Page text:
We went on a daylong learning retreat to discover and be inspired by the on-farm training practices of some of our region's respected host farmers.  Sure, there are legal issues regarding on-farm labor that each NOFA provides resources and trainings about (the laws vary by state), but the core design and intention of any on-farm training program is critical to successfully train new farmers.  It must be fulfilling to both host and aspiring farmer, and increase the aspiring farmer's preparedness to take a next step in farming without dropping the productivity of the farm to an unsustainable level.  Not easy, but not impossible.

We visited Indian Line Farm, Caretaker Farm and Cricket Creek Farm, all in the Western Massachusetts region.  Elizabeth (Indian Line) and Don (Caretaker) both have nearly a decade of training aspiring farmers on their farms.  Suzy (Cricket Creek Farm) is newer to that role, though has developed an excellent structure that works for the less-experienced host farmers among us (more structure is better in that situation, to establish clear chains of command).  They shared specific details about how they assign the work on their farm (good lessons whether or not a farm is trying to train the next generation of farmers) but also about how they discern and decide about aspiring farmers to bring on to the farm.  Some best practices I noted, which are generally good practices for having anyone working on your farm.

Clear, central, visible task lists accompanied by permanent guidelines for tasks.  The guidelines (or Standard Operating Procedures) are taught, but all workers can refer back to them in the central location.  So while apprentices may be harvesting or weeding for the first time, they have a standard to refer to, lessening the likelihood for mistakes that can be avoided.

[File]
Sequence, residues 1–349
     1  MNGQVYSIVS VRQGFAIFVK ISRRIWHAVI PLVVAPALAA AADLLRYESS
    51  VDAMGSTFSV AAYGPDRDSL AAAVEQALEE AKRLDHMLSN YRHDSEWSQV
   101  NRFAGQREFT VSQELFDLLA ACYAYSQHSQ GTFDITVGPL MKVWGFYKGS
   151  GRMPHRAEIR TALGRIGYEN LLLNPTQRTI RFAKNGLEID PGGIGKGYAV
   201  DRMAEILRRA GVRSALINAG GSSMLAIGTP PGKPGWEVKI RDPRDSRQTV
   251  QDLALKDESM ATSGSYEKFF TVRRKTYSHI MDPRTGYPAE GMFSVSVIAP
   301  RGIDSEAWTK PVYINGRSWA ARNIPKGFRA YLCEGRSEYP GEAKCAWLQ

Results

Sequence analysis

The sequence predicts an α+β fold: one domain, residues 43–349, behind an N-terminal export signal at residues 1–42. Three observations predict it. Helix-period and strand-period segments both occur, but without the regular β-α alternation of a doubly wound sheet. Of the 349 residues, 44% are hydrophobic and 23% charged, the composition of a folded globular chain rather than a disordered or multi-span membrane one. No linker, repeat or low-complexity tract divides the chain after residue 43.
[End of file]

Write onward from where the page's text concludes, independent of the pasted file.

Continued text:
[caption id="attachment_173" align="aligncenter" width="302"]Chore list bulletin board and Elizabeth Keen Elizabeth Keen of Indian Line Farm shows off the task board, complete with instructions and the Chore board (each apprentice plus Elizabeth rotates between being responsible for the big 4 areas: Watering, Driving the Truck (and managing the greens, just because those tasks seem to go together), Unloading, and Spraying/Nutrient Management.


Captains/leaders rotate through roles.  This helps the farm run smoothly and forces each apprentice or worker to think about all the little things that need to happen under their watch.  The crew becomes invested as they are accountable, but the manager/lead farmer is never so removed that the tasks can't be explained until the crew is comfortable.

[caption id="attachment_174" align="aligncenter" width="405"]Don in apprentice book library Don Zasada at the Caretaker Farm lending library.


A priority and emphasis on learning aside from daily tasks.  All farms we visited were members of a CRAFT group, so the apprentices are provided with a schedule of farm tours on other farms.  It's a chance to make a group of apprentice friends, get off the farm, and learn new ideas and methods by seeing the way other farms do what they do.  This particular CRAFT group enforces a "no penalty for going on CRAFT farm visits" policy.  The farmers explained that it is good for the morale of the apprentices, gets them excited to think about problem-solving on the farm, and helps lessen the load to teach everything or represent more farming methods than the farm actually employs.  A lending library and apprentice-captained research or building projects allow apprentices to dig even deeper.

Scheduled Checking In and Communication.  Each farm does this differently, but each farm we visited did one thing the same: they scheduled communication meetings to talk about the way things were going for education goals, for farming production goals, and for interpersonal issues.  At Caretaker Farm, each meeting takes a slightly different structure so feedback is given all around, in a way that makes sense for that point in the season.

Whole-Farm Perspective.  Farmers give the apprentices on-farm "workshops" or learning opportunities to talk about the business aspects of farming; everything from keeping good records to calculating budgets and financial statements.  Apprentices must learn these skills to know how they would manage a farm for themselves.  Regular farm walks and discussions allow apprentices and workers to understand the flow of all the aspects of the farm, especially as they begin to specialize in one area or a different area is less visited during the season.

Caretaker farm panorama1